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Auckland woman jailed for abandoning children

A Chinese overstayer who abandoned her two infant children nine years apart has been jailed for two and a half years. 

Yuiuo Qin, 34, appeared for sentencing at the Auckland District Court on Monday.

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Court hears of bite marks found on dead toddler Matiu Wereta

A teenager looking after his partner's toddler killed the two-year-old boy and then claimed he had an accident in a shower, a court has heard.

Crown lawyer Steve Manning opened the trial of Tamehana Huata, 19, by telling the jury that Matiu Wereta 'MJ' was found to be covered in bruises and cuts after an ambulance was called to his Flaxmere house in October, 2015.

​Huata is on trial in the High Court at Napier for manslaughter and injuring with intent to injure.

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New data must take child welfare into consideration

Child Poverty Action Group (CPAG) says that attention to the well-being of children from families recently off benefits must be at the fore of new data analysis if the undertaking is to be meaningful.

Minister for Children Anne Tolley expressed an intention to analyse more recent data, after the Superu report released last week. However the Superu report data pre-dates welfare reforms that included changes to Working for Families (WFF) as well as sanctions for non-compliant beneficiaries. The Superu report, using data from July 2010 to June 2011, investigates what happened to 140,000 people after leaving the benefit, and whether the transition to work or study was long-term.

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Wellington women create campaign to teach young women the importance of self-love

Young women across the country will have eagerly awaited a red rose, chocolate treats, or a romantic dinner date yesterday.

However, Wellington women Irene Wakefield and Olivia Leach are advocating a different kind of romance – one that starts from within.

The pair co-founded Prepair NZ, an educational prevention strategy for domestic abuse. It runs workshops to teach young women aged between 13 and 24  about healthy relationships.

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Rates of sexual assault and harassment in the New Zealand Defence Force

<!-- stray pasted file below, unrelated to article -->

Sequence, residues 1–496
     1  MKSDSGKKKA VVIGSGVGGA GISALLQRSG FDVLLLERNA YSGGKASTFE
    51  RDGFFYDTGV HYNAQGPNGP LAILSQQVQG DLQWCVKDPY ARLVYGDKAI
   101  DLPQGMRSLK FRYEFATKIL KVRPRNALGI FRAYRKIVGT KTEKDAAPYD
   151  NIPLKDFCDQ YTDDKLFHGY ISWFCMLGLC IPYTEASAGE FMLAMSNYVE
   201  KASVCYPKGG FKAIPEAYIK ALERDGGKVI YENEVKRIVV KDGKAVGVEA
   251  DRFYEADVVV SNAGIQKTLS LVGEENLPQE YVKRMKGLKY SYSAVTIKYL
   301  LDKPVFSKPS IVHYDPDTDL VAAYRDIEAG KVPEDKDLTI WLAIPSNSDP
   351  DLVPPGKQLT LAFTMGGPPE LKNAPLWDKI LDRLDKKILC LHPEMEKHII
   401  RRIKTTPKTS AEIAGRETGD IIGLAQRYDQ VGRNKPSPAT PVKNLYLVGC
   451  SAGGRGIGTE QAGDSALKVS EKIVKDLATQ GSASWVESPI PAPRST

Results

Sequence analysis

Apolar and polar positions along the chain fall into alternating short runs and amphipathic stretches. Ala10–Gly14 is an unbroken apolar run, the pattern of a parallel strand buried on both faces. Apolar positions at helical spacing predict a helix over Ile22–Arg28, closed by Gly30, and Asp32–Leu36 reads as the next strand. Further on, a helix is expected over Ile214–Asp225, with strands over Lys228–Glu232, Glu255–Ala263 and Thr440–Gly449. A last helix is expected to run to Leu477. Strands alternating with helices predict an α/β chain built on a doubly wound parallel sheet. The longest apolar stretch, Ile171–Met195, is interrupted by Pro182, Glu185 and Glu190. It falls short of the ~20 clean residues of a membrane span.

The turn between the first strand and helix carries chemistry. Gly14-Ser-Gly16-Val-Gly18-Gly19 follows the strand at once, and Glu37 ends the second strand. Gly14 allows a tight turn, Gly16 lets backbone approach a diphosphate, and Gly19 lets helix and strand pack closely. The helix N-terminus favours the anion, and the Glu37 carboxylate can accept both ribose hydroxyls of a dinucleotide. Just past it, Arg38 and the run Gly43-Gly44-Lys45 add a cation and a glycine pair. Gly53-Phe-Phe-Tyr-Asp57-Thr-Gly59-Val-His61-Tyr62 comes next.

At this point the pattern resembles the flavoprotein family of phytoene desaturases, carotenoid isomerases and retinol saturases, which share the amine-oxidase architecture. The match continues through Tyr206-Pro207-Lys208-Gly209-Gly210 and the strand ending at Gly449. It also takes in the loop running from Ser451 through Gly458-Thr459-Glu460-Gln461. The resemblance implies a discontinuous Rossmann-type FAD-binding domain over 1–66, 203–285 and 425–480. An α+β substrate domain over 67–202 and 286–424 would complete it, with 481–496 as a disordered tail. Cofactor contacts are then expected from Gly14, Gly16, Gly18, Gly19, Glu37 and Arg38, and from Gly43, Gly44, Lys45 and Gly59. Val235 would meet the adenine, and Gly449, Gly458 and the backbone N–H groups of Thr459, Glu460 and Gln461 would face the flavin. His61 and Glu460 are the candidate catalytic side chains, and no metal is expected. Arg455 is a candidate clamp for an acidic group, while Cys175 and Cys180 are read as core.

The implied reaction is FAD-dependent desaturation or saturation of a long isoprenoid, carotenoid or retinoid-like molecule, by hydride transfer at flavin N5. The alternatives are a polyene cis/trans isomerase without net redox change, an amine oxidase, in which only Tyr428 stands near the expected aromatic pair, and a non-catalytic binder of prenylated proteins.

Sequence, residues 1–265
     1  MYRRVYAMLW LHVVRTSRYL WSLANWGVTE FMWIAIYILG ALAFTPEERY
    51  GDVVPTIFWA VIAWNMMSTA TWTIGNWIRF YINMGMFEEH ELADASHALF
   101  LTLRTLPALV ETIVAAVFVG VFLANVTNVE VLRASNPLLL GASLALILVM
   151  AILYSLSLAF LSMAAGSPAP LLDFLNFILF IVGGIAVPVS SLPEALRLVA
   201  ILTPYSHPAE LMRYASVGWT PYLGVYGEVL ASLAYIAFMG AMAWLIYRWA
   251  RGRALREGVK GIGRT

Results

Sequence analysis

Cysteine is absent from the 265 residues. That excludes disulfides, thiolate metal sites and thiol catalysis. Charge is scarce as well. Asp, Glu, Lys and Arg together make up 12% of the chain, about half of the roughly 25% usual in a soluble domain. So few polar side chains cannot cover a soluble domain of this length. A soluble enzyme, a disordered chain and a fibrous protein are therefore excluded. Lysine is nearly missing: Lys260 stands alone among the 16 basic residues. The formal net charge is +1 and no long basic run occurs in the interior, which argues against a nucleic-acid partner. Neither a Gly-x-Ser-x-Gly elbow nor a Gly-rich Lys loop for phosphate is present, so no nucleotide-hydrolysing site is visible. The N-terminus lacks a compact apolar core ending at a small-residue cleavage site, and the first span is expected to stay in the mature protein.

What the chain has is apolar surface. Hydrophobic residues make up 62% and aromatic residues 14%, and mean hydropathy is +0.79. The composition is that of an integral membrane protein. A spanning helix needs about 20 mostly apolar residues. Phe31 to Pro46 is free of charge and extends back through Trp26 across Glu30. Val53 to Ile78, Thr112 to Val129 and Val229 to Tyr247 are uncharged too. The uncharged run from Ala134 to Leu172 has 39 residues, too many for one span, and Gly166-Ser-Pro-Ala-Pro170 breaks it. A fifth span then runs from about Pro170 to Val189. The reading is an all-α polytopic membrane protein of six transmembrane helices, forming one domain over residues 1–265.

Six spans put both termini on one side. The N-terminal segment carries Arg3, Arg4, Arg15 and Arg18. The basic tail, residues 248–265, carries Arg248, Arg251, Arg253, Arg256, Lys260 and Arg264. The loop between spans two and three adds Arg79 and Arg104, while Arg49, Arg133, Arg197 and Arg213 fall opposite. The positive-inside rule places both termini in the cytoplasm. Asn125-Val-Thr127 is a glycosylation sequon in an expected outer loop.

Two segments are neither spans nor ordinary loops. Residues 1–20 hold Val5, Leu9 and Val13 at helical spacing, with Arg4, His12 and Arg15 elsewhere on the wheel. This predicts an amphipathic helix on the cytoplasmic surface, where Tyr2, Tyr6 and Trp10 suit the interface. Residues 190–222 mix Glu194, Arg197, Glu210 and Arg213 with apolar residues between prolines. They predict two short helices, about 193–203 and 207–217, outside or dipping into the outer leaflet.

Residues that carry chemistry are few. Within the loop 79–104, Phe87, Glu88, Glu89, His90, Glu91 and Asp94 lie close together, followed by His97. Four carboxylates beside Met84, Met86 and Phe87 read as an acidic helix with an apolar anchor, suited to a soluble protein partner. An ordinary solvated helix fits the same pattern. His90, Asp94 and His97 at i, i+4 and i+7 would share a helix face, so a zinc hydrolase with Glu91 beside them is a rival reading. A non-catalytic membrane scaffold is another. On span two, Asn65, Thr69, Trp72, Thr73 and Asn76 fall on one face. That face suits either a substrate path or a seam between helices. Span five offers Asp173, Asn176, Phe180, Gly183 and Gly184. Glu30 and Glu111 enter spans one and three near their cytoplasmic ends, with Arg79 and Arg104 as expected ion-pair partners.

Forty-one sexual assault and harassment complaints were lodged in the NZ Defence Force, including one for sexual violation or rape last year.

This was up 15 on the previous year and the highest figure in 10 years of data released to the Herald under the Official Information Act.

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Nia Glassie's mother paroled for second time

The mother of the murdered Rotorua toddler, Nia Glassie, will be released from prison for a second time next month.

The 3-year-old girl died in 2007 after a prolonged period of abuse, which included being spun in a tumble drier.

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Still fighting for equal pay

Despite years of campaigning, New Zealand women are paid, on average, $7 an hour less than men.

Prue Hyman is a feminist economist who has spent decades researching gender inequality and advocating solutions

Wallace Chapman asks why this is the case 45 years after the Equal Pay Act.

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Substance abuse affects 90% of prison inmates. Why are they being fobbed off with unqualified addiction counsellors?

Addressing addiction issues in prison is one of the best ways we have to drastically cut reoffending rates. If only Corrections took the problem as seriously as it deserves, writes Wellington addiction counsellor Roger Brooking.

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Russian newspaper tells women to be proud of their bruises

A Russian newspaper has claimed victims of domestic abuse should be "proud of their bruises".

A column in Komsomolskaya Pravda, one of the country's most popular papers, has said that women should "find solace: in the fact that women who suffer domestic violence are more likely to give birth to boys, Daily Mail reports.

Russian President Vladimir Putin signed a law on Tuesday which decriminalises domestic violence, sparking allegations his government is "trivialising" the problem.

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Category: News Media